Apricots can often be split with your hands! Then simply remove the pit, cut one or two more times per half, and place the fruit in a bowl and the pit in the compost.

Step 5: Prep Your Produce (Cherry Tips)

My BIGGEST recommendation for cherries is to get a device to help with pitting them. This guy is my favorite! It can do many at once, it keeps all the pits/stones in the reservoir below and helps with the cherry juice spray, and has options for smaller and larger cherries.

As with the others, keep the fruit and compost the rest.

Step 6: Get Your Jam On!

No matter what recipe you decided on, the next step once you have all the fruit cleaned and pitted/stoned/destemmed/etc.

Put the fruit, water, and lemon juice in a heavy nonreactive pot and bring to a boil. Add a splash of cointreau (or alcohol of your choice) now if you'd like. It adds nice flavor and the alcohol should boil off.

Step 7: Simmah and Stir

Stir while it simmers. Cook until the fruit is very soft.

Add the sugar and stir until it dissolves. Depending on the fruit you're using, be careful not to stir too much as you can accidentally break up the fruit too much.

Once the sugar has dissolved, bring to a boil again. Boil for 4-5 minutes and determine how much pectin you need. (See next step.) Remove the jam from heat.

Step 8: Cool and Test for Set

Remember that small plate in the freezer? Take it out and put a small bit of the jam on the cold plate. With your finger, push the dab of jam and see if the surface tension resists. If it does, it's 'set'.

This is commercially produced pectin. Great to add in if you're using fruits that are naturally low in pectin.

Step 9: Can It Up!

When the jam is set, ladle it into a jar. I found a funnel that fits my jar mouth and got a metal one. It works beautifully and is a huge time saver.

From there, you can heat process the jars. There are specific canning pots and tools for these (some of which are super handy!) but the trick is to heat the entire contents in order to create a seal and protect against contamination by molds or bacteria. Be careful as you are heating glass and even though these jars are made for this purpose, they can break under stress.

Step 10: Bonus Step: Laser Etch Your Jars!

If you're going to eat the jam right away, there's little need to process the jam and you can use any jar you'd like. Have some extra fun with a plain, glass jar by putting together a design and etching it using the rotary attachment for a laser cutter.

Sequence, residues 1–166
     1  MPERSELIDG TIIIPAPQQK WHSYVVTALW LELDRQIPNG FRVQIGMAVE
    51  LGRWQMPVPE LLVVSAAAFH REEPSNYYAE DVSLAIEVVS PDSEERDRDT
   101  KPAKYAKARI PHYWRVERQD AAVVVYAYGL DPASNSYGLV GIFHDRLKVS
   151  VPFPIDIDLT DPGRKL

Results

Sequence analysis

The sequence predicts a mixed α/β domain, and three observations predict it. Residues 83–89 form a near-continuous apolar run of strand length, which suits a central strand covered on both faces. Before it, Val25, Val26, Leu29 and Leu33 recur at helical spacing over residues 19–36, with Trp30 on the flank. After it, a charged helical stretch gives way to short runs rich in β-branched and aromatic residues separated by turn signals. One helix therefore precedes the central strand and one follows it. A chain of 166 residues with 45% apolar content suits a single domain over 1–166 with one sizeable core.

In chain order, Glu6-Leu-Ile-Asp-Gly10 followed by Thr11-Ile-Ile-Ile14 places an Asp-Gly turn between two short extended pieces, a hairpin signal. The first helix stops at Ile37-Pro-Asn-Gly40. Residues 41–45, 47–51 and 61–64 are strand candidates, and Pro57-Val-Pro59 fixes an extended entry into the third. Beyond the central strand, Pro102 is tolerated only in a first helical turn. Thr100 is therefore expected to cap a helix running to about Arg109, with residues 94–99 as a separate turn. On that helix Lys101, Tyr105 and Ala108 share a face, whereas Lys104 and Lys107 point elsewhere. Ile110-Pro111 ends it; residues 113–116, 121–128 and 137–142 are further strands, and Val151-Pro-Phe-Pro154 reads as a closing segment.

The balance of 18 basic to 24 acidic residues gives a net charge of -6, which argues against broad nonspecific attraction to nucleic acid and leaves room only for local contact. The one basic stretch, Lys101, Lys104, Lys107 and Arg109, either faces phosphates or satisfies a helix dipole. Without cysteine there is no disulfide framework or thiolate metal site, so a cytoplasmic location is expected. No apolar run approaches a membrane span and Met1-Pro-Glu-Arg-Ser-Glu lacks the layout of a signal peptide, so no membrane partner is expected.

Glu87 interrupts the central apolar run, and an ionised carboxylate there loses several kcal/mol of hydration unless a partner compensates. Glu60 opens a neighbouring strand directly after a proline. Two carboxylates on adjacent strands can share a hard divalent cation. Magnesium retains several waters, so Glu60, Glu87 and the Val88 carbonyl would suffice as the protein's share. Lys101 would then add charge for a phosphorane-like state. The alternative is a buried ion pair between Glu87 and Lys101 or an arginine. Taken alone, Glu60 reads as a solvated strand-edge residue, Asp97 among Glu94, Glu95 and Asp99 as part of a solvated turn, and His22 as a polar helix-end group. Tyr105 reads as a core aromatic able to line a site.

This is completely optional and I realize a lot of you reading this won't be able to run down to your neighborhood laser cutter to make this a reality, but some of you will! And everyone can think of how to have as much fun creating the outside of this masterpiece as you do with the inside. The Jam continues!

Step 11: Eat It! Share It! Love It!

I love bringing something simple when I'm invited over to someone else's home. A while back, I figured out that when someone throws a housewarming or birthday party, a lot of folks bring a bottle of wine and usually more than can be consumed at the party. I started bringing homemade jam instead.

Some people then introduced me to others as 'the girl who brought the jam' and it started fun new conversations about making things. A few people even invited themselves along to other Jammy Jam Jams! It's been awesome.

There's something precious about making preserves and sharing them that people really appreciate and I've felt that in San Francisco (my old home) as much as London (my new home). I tell my neighbors here to give me the mason jars back when they're done and I'll fill it with the next batch of jam, to which my one neighbor replied, "Another thing I love about America - free refills!" ;-)

Note: A dear friend tracked down an antique set of utensils to give to me as a present as she knew of my Jammy Jam Jams and frequently shared recipes and tips. Pictured here is a jam spoon with a mother-of-pearl handle!

Comments

author
gralan (author)2016-08-25

Clever name, great recipe. Thanks.

author
pi526 (author)2015-11-17

I've recently 'inherited' several boxes of pectin and I love, love, love berries. This is so going to happen! I'll be sure to add photos when I do.

author
Slk_Stephane (author)2015-09-10

Yammy

author
warnacki (author)2015-09-10

very simple recipe. Thanks